Greenland is the place the rest of the world forgets.
If that sounds like a sweeping generalisation, name one famous Greenlander, or utter one word in Greenlandic, and prove us wrong.
But all of this could be about to change with the publication of a daring new novel by first-time writer, Niviaq Korneliussen, whose book Homo Sapienne (published in English as Crimson) has catapulted her into the spotlight.
Niviaq recently took some time out to speak with us.
You grew up in Nanortalik, south Greenland. What was that like – particularly for someone who spent her adolescence spray-painting anarchy symbols and realising they were gay?
Nanortalik is a very small town with 1500 people back then. It was very peaceful to grow up there. I was friends with many other children, and we hung out outside every single day, no matter what weather. I grew up very freely. I could just go out without my parents, as long as I promised to stay out of danger and went home for my curfew. We were all friends, no matter what background we came from, and I believe that has made me a more open person, because I understand other people’s struggles. But when I became a teenager and knew that I was going to leave my hometown soon, I became quite restless, because I knew that there was a world out there with new people and new experiences, and I couldn’t wait to become independent and find my own place in this life. I knew that I wouldn’t be able to move back to Nanortalik, that I needed to be in a place where I could be a bit more anonymous. It didn’t feel like a prison, but I just knew I wanted more. I actually denied being gay for a very long time, because I had no idea what that meant. But I knew deep inside. So I guess that made me even more restless and rebellious.
How did you begin as a writer? Do you see the pop singer, Pink, as your muse?
Ever since I looked at my big sister write in her diary, I was jealous that she was able to use words to express herself. Then when I knew how to spell, it was a bit difficult to learn how to use these words. But when I became a teenager and was more experienced in writing in general, I discovered the magic of writing. I could create people that I’d like to meet, I created stories that were interesting and new, I was in control over the events and the situations, and that way could get away from the people from my small city. The world opened up to me and my uneasiness disappeared after I finished a story. I didn’t really think of becoming a published writer, because my writing is just something I do for myself, but the publishing part came along when I knew more about it. My muse changes all the time. Sometimes it’s music, sometimes it’s people I see in the buses, the airport, on Facebook. I observe a lot. I am very interested in knowing about an interesting person, and sometimes I kind of get in trouble for being too curious, for asking too many questions. But that’s just how I am. I am extremely curious and observing, and that sometimes scares people.
Do you see Homo Sapienne as a traditional Greenlandic book? If not, how is it different and why do you think it has resonance with readers across the world considering it’s being translated into English and published as Crimson?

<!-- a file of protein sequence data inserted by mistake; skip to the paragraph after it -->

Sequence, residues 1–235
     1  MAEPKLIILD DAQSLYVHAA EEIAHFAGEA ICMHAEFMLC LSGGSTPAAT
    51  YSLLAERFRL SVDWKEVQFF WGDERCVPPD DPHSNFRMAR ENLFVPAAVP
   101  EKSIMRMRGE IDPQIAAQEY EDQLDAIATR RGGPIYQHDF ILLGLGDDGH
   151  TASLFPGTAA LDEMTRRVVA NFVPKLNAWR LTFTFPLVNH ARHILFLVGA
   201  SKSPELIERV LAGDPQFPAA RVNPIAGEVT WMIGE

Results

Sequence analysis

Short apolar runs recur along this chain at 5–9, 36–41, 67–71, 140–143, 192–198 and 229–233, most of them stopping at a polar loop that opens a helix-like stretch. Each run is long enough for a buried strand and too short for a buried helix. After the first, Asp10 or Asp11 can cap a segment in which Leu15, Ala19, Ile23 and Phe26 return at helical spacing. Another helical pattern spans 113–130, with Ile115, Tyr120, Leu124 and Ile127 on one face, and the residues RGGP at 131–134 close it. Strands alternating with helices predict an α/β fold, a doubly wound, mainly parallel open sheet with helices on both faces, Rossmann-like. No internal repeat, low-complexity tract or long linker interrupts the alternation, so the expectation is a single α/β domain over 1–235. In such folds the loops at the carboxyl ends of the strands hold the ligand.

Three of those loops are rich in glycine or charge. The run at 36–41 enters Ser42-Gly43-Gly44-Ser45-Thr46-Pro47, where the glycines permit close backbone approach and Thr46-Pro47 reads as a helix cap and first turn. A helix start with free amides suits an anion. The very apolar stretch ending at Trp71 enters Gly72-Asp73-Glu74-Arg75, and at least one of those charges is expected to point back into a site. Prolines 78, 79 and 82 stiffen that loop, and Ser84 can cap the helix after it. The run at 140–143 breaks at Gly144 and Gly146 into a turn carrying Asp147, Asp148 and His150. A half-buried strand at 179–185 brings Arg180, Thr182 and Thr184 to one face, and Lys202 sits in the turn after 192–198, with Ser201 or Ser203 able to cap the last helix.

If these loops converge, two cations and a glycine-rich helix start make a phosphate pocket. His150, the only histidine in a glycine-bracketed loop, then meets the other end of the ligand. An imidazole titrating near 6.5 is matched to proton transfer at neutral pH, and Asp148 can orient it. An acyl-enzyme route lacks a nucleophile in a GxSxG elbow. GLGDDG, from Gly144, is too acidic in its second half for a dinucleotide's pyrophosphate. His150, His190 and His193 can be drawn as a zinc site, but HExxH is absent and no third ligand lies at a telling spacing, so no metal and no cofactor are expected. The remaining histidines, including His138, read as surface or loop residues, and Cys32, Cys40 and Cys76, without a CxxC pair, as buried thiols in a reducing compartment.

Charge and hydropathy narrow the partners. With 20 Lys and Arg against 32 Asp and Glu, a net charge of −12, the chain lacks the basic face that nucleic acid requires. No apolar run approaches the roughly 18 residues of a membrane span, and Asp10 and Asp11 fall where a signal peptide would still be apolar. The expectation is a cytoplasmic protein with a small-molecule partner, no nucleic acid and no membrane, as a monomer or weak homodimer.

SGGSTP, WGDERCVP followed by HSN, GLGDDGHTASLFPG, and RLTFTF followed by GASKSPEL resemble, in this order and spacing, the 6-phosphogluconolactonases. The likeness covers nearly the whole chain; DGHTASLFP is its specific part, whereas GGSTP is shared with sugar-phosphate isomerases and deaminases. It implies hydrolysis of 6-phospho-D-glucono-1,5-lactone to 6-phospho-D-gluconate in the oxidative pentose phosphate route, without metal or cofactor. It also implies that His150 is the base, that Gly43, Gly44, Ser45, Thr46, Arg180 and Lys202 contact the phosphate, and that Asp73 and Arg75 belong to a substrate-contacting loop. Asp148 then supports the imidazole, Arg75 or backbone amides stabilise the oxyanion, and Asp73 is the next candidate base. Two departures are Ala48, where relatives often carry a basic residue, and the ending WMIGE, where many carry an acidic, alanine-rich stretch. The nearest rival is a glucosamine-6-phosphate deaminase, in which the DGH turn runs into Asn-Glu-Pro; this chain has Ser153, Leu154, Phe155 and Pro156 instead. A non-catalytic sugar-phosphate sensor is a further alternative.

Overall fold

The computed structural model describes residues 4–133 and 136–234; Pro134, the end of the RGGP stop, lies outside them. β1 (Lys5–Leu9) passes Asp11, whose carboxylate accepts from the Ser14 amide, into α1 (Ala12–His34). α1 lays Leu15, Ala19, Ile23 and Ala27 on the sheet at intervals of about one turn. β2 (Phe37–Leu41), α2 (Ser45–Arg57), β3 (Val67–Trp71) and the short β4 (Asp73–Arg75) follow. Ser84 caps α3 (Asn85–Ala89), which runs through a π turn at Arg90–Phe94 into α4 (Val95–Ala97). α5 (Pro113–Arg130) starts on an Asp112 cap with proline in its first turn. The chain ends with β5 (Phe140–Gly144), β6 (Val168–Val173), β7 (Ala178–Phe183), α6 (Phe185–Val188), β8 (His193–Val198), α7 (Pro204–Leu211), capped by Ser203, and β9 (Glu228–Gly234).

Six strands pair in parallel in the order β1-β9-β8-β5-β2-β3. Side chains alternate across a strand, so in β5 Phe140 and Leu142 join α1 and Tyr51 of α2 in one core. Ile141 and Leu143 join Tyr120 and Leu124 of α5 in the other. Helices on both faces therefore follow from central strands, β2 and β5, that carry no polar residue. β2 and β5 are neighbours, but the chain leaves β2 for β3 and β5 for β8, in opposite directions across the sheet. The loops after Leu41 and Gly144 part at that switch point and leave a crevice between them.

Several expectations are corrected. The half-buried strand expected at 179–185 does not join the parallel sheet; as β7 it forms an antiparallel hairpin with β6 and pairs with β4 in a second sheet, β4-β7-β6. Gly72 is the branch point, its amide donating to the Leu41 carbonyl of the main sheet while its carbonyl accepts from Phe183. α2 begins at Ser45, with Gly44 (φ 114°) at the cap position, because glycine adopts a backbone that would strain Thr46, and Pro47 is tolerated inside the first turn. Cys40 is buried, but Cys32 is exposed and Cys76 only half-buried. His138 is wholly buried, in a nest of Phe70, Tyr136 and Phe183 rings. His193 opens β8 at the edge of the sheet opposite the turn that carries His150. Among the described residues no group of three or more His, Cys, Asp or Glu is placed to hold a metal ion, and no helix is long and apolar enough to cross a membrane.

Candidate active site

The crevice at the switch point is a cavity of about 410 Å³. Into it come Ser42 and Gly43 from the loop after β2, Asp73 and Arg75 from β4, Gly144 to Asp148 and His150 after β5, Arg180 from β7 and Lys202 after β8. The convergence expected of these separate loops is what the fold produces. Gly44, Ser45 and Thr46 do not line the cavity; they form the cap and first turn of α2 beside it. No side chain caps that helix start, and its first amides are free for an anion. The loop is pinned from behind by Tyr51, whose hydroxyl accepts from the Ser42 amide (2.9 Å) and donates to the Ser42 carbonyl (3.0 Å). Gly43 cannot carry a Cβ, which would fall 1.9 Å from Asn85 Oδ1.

Homo sapienne is not very traditional. I mix my languages in the book in Greenlandic, Danish and English. I use the modern kind of communication, Facebook and text messages. I don’t mention the nature or my ancestors and that’s pretty common in Greenlandic literature. I talk about queer people and that’s very new. I criticise my own people and that’s pretty unusual too. I think different countries are interested in my book because it’s about very human and natural problems, such as love, hatred, relations, loneliness, belonging and last but not least IDENTITY: national identity, sexual identity etc. Almost everyone can recognise that.
Has the positive response to Homo Sapienne/Crimson surprised you?
Yes I was very surprised in the beginning. I had no idea that it was going to become that big. I hoped to talk a bit about it in Greenland and that a few hundred people would be interested in reading it, but I really didn’t have many more expectations, so that was a very nice surprise. It took some time to get used to having that many readers.
Although Greenland has held a Nuuk Pride, it hasn’t run for the past two years. Do you think it’s getting easier or harder to be gay in Greenland?
I think we’re just too few people who have time to organise Gay Pride, so it has nothing to do with whether or not it has become harder. I think it’s getting better all the time. Also in the elder generations. More people (especially men from the older generations) are now out of the closet, and even though some people still have prejudices, I think we are on the right path, and people are very good at adapting very quickly to new circumstances. Hate crimes are rare.
You studied in Denmark but returned to Greenland. Is this where you see yourself staying? What’s the best thing about life there?
I don’t know about staying. Right now it’s my home. But I don’t know how I’d be if I didn’t travel as much as I do. I’m pretty sure I’d get bored and feel an urge to travel. But when I’ve been gone for a long time, I really enjoy coming home to Nuuk where I can just breathe and relax. Nature is certainly the best part of living here. My view from home means a lot. It means a lot to be able to look out the window and see the ocean and the sunsets. The people are very warm too.
Do you have a favourite place in Greenland?
The Tasermiut Fjord near Nanortalik is my absolute favourite. It’s paradise. Everyone on earth should have the chance to see how mesmerizing it is.